Growth chamber experiments evaluated the influence of ambient temperature and soil moisture on cotton and velvetleaf response to pyrithiobac. Additional studies determined the basis for observed plant responses to 14C pyrithiobac. Cotton injury from six times the normal dosage was < 20% at 2 wk for all temperatures and soil moistures. Pyrithiobac injured velvetleaf less at lower soil moistures. Both species absorbed more 14C-pyrithiobac at 30/28 or 35/33 C than at 25/23 C. Cotton absorbed more herbicide than velvetleaf at all temperatures and soil moistures. Velvetleaf translocated < 16% of absorbed 14C out of the treated leaf while cotton translocated < 3% of absorbed material. At warmer temperatures, velvetleaf translocated less 14C when soil was dry (–1.0 MPa) than when plants were watered to field capacity (–0.03 MPa). This decreased absorption and translocation may affect pyrithiobac activity on velvetleaf growing in dry soil. Translocation differences did not fully explain whole plant effects. The metabolism difference may account for cotton tolerance.
Fluometuron adsorption and dissipation under field and laboratory conditions, and distribution within the soil profile was determined in 3 soils from Tennessee, Mississippi, and Georgia that are representative of the cotton-growing regions of the southeastern United States. Fluometuron adsorption was correlated with organic matter, but not with clay content or soil pH. First-order kinetics explained fluometuron dissipation under field and controlled conditions (r2 ≥ 0.82). Field dissipation of fluometuron was slower under dry conditions. Fluometuron was not detected below 15 cm in the soil profile in any soil, and concentrations in the 8- to 15-cm soil zone were < 15 ppbw 112 d after treatment. Fluometuron dissipation was more rapid in soil from the 0- to 8-cm depth in Tennessee soil than in Mississippi soil under controlled conditions. Dissipation was more rapid under field conditions than under laboratory conditions at 2 of 3 locations. Fluometuron half-lives in soils from the 0- to 8-cm depth ranged from 9 to 28 d under field conditions and from 11 to 43 d in the laboratory. Fluometuron dissipation in soils from 30- to 45- and 60- to 90-cm depths was not different among soils, with half-lives ranging from 58 to 99 d under laboratory conditions. Fluometuron half-life was positively correlated with soil depth and inversely correlated with organic matter. These data indicate that organic matter, soil depth, and environmental conditions affect fluometuron dissipation.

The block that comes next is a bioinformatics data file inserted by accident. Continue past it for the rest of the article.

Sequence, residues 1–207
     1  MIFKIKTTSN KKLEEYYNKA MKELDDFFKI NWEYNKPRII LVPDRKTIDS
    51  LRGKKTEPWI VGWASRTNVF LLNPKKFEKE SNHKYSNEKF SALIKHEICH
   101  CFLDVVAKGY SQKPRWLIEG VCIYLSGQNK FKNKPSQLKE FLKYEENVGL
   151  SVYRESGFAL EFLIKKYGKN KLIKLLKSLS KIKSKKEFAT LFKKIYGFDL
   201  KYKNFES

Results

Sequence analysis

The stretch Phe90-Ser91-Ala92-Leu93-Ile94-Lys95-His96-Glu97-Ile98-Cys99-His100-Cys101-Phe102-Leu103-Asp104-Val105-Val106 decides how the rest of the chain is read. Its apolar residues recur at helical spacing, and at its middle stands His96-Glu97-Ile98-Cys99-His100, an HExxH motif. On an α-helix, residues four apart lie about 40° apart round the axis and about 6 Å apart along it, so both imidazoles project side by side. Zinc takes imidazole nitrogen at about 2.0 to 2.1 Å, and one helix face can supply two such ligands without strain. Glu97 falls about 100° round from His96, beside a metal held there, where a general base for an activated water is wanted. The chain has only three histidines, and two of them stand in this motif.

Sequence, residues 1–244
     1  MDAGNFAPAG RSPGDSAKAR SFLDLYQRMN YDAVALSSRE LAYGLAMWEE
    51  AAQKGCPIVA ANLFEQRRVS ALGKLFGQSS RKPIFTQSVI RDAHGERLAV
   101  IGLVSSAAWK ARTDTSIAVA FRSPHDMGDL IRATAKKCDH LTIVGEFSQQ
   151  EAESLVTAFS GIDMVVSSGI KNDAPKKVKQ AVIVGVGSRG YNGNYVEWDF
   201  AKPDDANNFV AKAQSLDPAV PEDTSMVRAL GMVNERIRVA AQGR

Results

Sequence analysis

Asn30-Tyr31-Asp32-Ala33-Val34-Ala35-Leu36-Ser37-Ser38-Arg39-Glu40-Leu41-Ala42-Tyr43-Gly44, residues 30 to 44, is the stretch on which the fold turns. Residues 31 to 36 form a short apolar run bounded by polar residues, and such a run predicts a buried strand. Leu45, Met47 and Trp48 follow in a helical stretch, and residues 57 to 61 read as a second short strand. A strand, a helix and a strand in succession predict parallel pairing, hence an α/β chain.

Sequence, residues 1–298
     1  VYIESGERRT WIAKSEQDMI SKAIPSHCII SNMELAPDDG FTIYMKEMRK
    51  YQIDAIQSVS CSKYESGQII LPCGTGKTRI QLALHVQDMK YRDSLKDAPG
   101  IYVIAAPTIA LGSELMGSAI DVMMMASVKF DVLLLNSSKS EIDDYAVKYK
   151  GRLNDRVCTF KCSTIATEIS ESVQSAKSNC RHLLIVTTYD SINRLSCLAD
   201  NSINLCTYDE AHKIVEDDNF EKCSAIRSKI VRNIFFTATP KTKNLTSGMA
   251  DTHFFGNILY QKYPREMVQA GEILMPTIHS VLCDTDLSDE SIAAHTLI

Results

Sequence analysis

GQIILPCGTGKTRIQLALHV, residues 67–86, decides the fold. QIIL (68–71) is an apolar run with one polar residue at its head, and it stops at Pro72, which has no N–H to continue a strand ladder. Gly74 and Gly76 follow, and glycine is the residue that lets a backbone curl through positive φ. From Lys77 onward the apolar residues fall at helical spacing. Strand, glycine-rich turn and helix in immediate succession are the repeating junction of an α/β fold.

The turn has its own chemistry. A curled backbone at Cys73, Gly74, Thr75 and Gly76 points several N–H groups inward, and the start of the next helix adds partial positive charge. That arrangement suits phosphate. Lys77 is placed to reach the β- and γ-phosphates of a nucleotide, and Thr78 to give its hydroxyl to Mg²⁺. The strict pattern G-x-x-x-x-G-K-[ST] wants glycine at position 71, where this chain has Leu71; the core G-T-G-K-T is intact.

Field research was conducted in Tennessee at Jackson in 1991 and at Milan in 1992 to compare the effect of MSMA and pyrithiobac on cotton development, yield, and quality. In separate treatments to different plots, pyrithiobac at 0.14 kg ai ha–1 did not affect development, yield, and quality of cotton. MSMA at 2.24 kg ai ha–1 decreased cotton plant internode length 10 to 15% and height by 15% 5 wk after late treatment both years. MSMA applied to 50 cm cotton reduced subsequent plant height in 1992, but other plant characteristics were not affected. In 1991, MSMA increased squares and decreased blooms and bolls for monopodia and sympodia position one and two, which suggested a delay in plant development. In 1991, mechanical harvest lint yields were decreased by MSMA at first harvest while increasing second harvest lint yields. However, in 1991 only MSMA applied late decreased total harvest lint yield 20%. Plant mapping data determined that the yield decrease was a result of decreased yields at sympodia positions one and two. Cotton seed arsenic analysis indicated that MSMA-late increased arsenic levels by ≈ 1 ppmw in 1991 for sympodia at position one and two compared to the untreated check, while position two contained the highest level of 1.8 ppmw.
Field studies indicated thiazopyr at 220 g ha−1 injured soybeans planted in no-till, and 340 g ha−1 injured soybean in 1 of 2 yr planted into tilled soil. Thiazopyr half-lives in three field studies ranged from 12 to 14 d, indicating minimal potential for carryover injury to sensitive rotational crops. Thiazopyr dissipation under controlled conditions was slower than under field conditions. Half-lives at 15 and 30 C were 133 and 43 d, respectively. This indicates that microbial degradation is an important mechanism in thiazopyr dissipation, but that other loss mechanisms also play a role. A method using methanol extraction of moist soil samples followed by gas chromatography using a nitrogen-phosphorous detector had > 90% recovery of thiazopyr.